PAK-IRAN: GROWING BORDER TRADE

 

Developing a common border trade market

By AMANULLAH BASHAR
Sep 29 - Oct 05, 2003

Setting up of a Pak-Iran Common Border Market is under active consideration of the governments of the two countries. On the recommendations of Balochistan, the government has identified four places for setting up the proposed markets at the border. These areas include Taftan-Minjaveh, Ladgashtjalaq, Parome-Kuhak, Mand-Peshin and Santsar-Nobandan.

The motive behind establishment of a common border market is to sell goods at concessional rate of customs duty and other taxes for controlling growing cross border illegal trade between Pakistan and Iran.

Actually, a proposal for establishing common border market with Pakistan was moved by Iran on the pattern of other such markets already existing on the borders of Turkey-Iran, Turkmenistan-Iran and Azerbaijan-Iran. Since Pakistan did not have the experience of operating such markets in the past, a delegation consisting of representatives from Balochistan and other concerned organizations and commercial Counselor of Pakistan at Tehran had visited Iran in this regard. After the visit, Pakistan delegation was in agreement with the idea for establishing the border markets.

There was a consensual rationale for setting up the markets that would promote legal economic activity in the border areas with a view to provide economic incentives to the people in these remote areas on both sides of the border.

According to a study, people living across the border on both sides have little exposure to civic facilities especially the education facility. Normally the traders avoid in procedural obligations leading towards growing informal economy in that area. Being an arid area in terms of climate there is no concept of agriculture in these areas and the people have to depend on rain waters. In the face of hardships due to non-availability of adequate drinking water, the population is scarce which also discourage growth of industrialization in those areas. It is expected that setting up of common border market will eliminate smuggling, provide employment opportunities, strengthen cultural and historical linkages between the people of both sides having common traditions besides help promoting small and medium size entrepreneurship in the so far neglected areas.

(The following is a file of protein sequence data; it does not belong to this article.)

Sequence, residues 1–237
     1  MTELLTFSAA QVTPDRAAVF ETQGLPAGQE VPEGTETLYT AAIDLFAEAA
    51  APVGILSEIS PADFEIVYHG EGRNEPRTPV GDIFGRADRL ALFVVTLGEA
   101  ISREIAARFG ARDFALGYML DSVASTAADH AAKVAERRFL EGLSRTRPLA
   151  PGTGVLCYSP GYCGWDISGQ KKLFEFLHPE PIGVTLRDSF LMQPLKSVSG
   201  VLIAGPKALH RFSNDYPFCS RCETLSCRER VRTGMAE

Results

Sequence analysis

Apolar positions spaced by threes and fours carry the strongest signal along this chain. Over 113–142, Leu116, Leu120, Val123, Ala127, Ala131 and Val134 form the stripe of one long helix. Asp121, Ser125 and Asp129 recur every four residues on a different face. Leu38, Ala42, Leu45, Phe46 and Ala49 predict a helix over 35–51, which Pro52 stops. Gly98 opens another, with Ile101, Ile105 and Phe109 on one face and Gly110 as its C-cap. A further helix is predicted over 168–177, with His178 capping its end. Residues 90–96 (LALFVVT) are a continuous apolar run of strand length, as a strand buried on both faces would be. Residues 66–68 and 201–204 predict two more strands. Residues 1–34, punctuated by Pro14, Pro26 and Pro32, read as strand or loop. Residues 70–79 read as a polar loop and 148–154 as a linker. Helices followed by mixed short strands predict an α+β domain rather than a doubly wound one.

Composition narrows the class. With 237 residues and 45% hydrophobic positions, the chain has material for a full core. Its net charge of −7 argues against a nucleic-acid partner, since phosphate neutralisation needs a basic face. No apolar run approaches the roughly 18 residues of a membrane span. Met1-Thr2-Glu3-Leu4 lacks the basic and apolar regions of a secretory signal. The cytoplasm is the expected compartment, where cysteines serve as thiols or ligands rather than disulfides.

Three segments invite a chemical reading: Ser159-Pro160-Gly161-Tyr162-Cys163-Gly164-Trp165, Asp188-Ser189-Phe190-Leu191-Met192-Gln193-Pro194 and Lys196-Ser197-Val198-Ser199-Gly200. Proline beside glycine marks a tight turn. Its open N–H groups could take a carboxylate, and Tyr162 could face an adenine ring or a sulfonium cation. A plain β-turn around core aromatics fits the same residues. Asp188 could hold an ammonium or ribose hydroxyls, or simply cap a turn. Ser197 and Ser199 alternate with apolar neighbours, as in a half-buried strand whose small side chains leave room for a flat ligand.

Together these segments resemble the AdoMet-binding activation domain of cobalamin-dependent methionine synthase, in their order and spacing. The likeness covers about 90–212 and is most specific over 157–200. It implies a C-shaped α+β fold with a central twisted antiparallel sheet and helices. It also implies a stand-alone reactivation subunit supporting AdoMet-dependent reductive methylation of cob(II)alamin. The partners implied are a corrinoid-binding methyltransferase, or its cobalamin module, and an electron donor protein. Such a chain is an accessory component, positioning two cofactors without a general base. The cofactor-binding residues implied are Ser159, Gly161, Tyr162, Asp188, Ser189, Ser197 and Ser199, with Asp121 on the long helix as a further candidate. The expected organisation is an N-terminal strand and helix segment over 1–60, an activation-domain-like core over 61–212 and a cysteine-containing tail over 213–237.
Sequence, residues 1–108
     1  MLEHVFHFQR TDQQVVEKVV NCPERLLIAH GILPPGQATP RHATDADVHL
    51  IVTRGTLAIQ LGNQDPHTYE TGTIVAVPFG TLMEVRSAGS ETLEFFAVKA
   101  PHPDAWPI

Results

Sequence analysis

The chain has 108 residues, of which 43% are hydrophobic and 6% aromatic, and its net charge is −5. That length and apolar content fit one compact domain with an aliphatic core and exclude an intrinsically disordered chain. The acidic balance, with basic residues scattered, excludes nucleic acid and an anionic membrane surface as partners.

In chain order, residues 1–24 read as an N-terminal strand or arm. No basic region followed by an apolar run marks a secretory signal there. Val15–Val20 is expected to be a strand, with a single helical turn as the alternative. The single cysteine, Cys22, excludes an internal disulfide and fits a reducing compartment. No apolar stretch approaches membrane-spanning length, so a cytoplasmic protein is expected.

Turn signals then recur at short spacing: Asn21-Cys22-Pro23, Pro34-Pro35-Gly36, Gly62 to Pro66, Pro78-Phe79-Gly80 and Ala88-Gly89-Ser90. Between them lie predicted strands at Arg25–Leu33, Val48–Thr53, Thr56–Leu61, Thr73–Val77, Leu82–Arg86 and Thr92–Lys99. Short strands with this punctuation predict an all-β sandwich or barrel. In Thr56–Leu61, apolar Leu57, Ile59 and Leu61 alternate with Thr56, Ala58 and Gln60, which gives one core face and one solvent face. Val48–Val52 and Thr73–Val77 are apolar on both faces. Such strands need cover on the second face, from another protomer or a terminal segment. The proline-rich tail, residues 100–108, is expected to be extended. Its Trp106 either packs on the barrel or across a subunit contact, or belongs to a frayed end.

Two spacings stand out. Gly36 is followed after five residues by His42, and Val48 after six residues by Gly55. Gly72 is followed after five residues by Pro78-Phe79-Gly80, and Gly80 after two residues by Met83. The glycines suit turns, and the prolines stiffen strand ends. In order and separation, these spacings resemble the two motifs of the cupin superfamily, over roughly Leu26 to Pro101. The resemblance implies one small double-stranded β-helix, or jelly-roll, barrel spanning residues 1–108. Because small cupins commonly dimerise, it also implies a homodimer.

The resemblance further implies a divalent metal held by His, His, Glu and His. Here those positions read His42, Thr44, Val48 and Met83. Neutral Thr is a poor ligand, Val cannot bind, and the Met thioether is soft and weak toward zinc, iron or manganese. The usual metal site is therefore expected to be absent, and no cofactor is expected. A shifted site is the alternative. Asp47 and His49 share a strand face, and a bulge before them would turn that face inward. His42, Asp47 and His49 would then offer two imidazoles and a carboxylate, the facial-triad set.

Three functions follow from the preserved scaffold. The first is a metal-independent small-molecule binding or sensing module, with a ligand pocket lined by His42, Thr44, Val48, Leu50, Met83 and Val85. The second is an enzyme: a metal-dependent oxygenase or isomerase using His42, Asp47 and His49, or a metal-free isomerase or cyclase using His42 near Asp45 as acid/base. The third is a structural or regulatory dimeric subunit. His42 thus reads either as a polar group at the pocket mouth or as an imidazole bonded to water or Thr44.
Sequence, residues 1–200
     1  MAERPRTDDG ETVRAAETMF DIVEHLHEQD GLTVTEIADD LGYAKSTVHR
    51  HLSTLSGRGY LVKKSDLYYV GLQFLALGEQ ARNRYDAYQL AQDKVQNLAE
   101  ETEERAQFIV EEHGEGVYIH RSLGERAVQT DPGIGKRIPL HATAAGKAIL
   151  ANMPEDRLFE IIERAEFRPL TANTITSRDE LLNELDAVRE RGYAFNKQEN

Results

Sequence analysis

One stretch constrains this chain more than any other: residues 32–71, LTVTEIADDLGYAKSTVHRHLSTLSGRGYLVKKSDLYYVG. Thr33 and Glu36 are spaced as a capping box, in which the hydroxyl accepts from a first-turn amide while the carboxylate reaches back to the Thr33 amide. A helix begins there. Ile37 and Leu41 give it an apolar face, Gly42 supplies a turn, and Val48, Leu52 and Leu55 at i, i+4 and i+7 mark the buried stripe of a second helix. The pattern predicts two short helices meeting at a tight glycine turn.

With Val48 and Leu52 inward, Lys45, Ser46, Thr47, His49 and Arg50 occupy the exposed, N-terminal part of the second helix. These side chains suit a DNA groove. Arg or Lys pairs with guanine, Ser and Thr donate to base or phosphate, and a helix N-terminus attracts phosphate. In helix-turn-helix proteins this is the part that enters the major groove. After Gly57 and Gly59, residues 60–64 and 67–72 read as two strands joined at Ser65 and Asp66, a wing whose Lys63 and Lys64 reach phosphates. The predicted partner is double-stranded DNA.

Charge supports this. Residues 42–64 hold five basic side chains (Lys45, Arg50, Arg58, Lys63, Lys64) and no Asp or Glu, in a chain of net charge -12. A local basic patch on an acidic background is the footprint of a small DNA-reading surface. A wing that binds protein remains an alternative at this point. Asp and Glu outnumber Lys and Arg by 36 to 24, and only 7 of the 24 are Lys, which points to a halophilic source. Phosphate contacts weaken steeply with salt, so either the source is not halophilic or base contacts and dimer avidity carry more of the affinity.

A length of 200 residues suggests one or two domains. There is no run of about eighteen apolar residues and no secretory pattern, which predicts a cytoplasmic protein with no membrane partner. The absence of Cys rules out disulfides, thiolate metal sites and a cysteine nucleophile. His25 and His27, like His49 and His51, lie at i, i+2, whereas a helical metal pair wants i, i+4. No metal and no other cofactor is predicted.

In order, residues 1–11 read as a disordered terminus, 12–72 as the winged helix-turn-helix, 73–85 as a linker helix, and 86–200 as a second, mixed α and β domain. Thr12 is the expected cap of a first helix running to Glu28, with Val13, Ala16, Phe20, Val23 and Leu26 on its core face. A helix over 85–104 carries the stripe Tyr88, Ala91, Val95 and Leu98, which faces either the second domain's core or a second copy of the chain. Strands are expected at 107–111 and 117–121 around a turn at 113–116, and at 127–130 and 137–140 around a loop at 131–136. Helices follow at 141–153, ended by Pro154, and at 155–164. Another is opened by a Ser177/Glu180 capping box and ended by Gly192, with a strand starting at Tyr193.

The government of Balochistan fully agreed with the idea of developing a common border trade market and has reportedly identified location as well where the proposed market would be more viable and easy to manage.

A green signal has also been given by the Ministry of Food and Agriculture, Ministry of Industries and Production, and the Central Board of Revenue (CBR) for the idea for development of the border market. However, the Ministry of Petroleum and Natural Resources has reservations regarding expected revenue loss due to import of oil products and also raised apprehension on the import of low quality CNG cylinders. It may be pointed out that POL products are easily flowing into Pakistan especially in the province of Balochistan and are being sold at a much cheaper rate as compared to the POL prices in the remaining parts of the country. It is alleged by the petroleum dealers that tankers carrying refined oil even entering into Karachi and some of the gas stations were minting money by selling the smuggled oil at the prevailing rate in the city. Similarly, the CNG kits are the much sought after item in the urban areas of Pakistan these days as most of the vehicle owners are converting from oil to CNG system which must cost effective as compared to costly oil consumption. Hence it is feared that may affect the revenue, currently the government is getting through imports of CNG kits from various countries. Italy is the major source of import CNG kits due to its reliable quality.

The CBR has, however, proposed for concessionary tariffs of 10 per cent customs duty in addition to the normal levy of the sales tax and withholding tax on the selective items of imports through the proposed Pak-Iran common border market.

According to actual plan, maximum 10 percent duty rate should be imposed on the imports through that market and a 15 percent GST and withholding tax to be charged on selected items.

The proposed market is to be set up with an estimated cost of Rs105.405 million on experimental basis essentially to check increasing trend of smuggling and to provide employment opportunities to the local people living along side the border.

In order to specify certain items to be allowed for trade in common border market, a trade delegation may visit Zahidan to study the common markets and get the first hand information of the area and its problems that might emerge in the process.

The growing economic activity in that area would be certainly supported by the recent agreement between Pakistan and Iran through which people of the Makran area in Balochistan have started receiving electricity from Iran through a 132kv grid system. Power is being imported from Jakipur grid of Iran is now reaching Mand, Tumb, Turbat, Hoshab, Panjgur, Pasni and Gwadar town of Balochistan. The import of electricity from Iran will facilitate over 26,500 consumers in that area.